News & Events - 2016
Jim Roberts receives Dept of Commerce Gold Medal for Leadership27 September 2016
Dr. Jim Roberts of CSD receives the Gold Medal for Leadership from the Department of Commerce. This prestigious award is the highest given by the Department of Commerce and reflects an extraordinary or notable contribution.
Jim led the Uintah Basin Winter Ozone Study in 2012, 2013, and 2014. High levels of wintertime ozone were an unexplained and vexing problem in the Uintah Basin, and threatened non-compliance with the US Clean Air Act. While high levels of surface ozone are a common occurrence in the summer, especially in cities, they are totally unexpected during winter because of colder temperatures and lower sunlight. But in Uintah Basin, home to considerable development of oil and gas deposits, it is precisely winter when the highest ozone levels are encountered. Both Utah air quality managers and industry leaders were concerned about ozone levels, but lacked the scientific expertise to determine the causes and potential remedies.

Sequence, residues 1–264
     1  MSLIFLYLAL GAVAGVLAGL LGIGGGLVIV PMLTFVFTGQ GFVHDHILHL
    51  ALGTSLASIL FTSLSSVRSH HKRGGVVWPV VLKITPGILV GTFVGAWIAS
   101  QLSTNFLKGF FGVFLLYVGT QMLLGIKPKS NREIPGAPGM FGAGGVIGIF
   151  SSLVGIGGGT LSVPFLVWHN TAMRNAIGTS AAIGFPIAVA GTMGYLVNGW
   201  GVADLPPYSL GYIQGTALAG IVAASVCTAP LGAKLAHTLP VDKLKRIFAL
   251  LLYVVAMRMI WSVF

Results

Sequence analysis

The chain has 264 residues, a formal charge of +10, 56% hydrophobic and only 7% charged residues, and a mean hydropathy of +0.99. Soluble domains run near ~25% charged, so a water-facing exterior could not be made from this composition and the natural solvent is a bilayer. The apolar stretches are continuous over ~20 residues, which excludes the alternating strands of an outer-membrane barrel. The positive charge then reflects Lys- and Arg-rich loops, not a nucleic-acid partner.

Jim executed timely and systematic research in the field that determined the chemical and meteorological causes of the ozone problem, and made recommendations about possible solutions. The observations pointed to a mixture of high levels of oxygenated volatile organic compounds (VOCs) and meteorological factors that were necessary for winter ozone production to occur. Furthermore, his research showed that the previous models used to simulate atmospheric chemistry were incorrect (Ahmadov et al., 2015).
Since the meteorological conditions did not produce the necessary sampling conditions the first winter, Jim was able to maintain the partnership of stakeholders and scientists for the next two winters and record additional measurements which were the key to unraveling the problem. Jim showed incredible leadership in bringing together oil and gas industry members and air quality managers, and proved that competing interests can work together to solve air quality problems with a win-win outcome.
Jim's hard work helped the state of Utah formulate regulations to improve air quality and showed that rapid response is possible to addressing air quality problems. This unusual atmospheric chemistry is now fully understood and can be applied to other air quality problems. An innovation emerged from the interpretation of the NOAA measurements – a detailed 'master chemical mechanism' that described how oxygenated VOCs were initiating the wintertime ozone chemistry. The mechanism was published in the journal Nature (Edwards et al., 2014), the world's premier science journal.
Jim received this well-deserved recognition at the award ceremony on September 27 in Washington, DC.